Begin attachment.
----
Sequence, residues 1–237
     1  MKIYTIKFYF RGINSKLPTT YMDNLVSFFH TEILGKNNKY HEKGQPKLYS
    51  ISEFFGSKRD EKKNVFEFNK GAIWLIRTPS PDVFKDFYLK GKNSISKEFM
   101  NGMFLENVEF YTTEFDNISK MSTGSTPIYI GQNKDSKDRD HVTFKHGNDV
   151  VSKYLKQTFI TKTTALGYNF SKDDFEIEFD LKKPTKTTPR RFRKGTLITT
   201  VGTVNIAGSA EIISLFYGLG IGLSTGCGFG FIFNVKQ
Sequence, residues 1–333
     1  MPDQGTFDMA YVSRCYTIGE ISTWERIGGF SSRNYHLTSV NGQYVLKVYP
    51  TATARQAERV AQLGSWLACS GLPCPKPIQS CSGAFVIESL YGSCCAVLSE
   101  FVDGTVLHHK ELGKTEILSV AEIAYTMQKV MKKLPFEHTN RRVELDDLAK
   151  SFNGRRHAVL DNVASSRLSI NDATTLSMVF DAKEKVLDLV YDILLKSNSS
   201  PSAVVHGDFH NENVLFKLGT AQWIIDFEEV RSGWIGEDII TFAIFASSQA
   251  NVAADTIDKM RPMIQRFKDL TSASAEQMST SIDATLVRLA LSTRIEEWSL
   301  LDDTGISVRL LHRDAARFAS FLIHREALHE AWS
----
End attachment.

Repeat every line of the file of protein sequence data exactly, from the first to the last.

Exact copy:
Sequence, residues 1–237
     1  MKIYTIKFYF RGINSKLPTT YMDNLVSFFH TEILGKNNKY HEKGQPKLYS
    51  ISEFFGSKRD EKKNVFEFNK GAIWLIRTPS PDVFKDFYLK GKNSISKEFM
   101  NGMFLENVEF YTTEFDNISK MSTGSTPIYI GQNKDSKDRD HVTFKHGNDV
   151  VSKYLKQTFI TKTTALGYNF SKDDFEIEFD LKKPTKTTPR RFRKGTLITT
   201  VGTVNIAGSA EIISLFYGLG IGLSTGCGFG FIFNVKQ
Sequence, residues 1–333
     1  MPDQGTFDMA YVSRCYTIGE ISTWERIGGF SSRNYHLTSV NGQYVLKVYP
    51  TATARQAERV AQLGSWLACS GLPCPKPIQS CSGAFVIESL YGSCCAVLSE
   101  FVDGTVLHHK ELGKTEILSV AEIAYTMQKV MKKLPFEHTN RRVELDDLAK
   151  SFNGRRHAVL DNVASSRLSI NDATTLSMVF DAKEKVLDLV YDILLKSNSS
   201  PSAVVHGDFH NENVLFKLGT AQWIIDFEEV RSGWIGEDII TFAIFASSQA
   251  NVAADTIDKM RPMIQRFKDL TSASAEQMST SIDATLVRLA LSTRIEEWSL
   301  LDDTGISVRL LHRDAARFAS FLIHREALHE AWS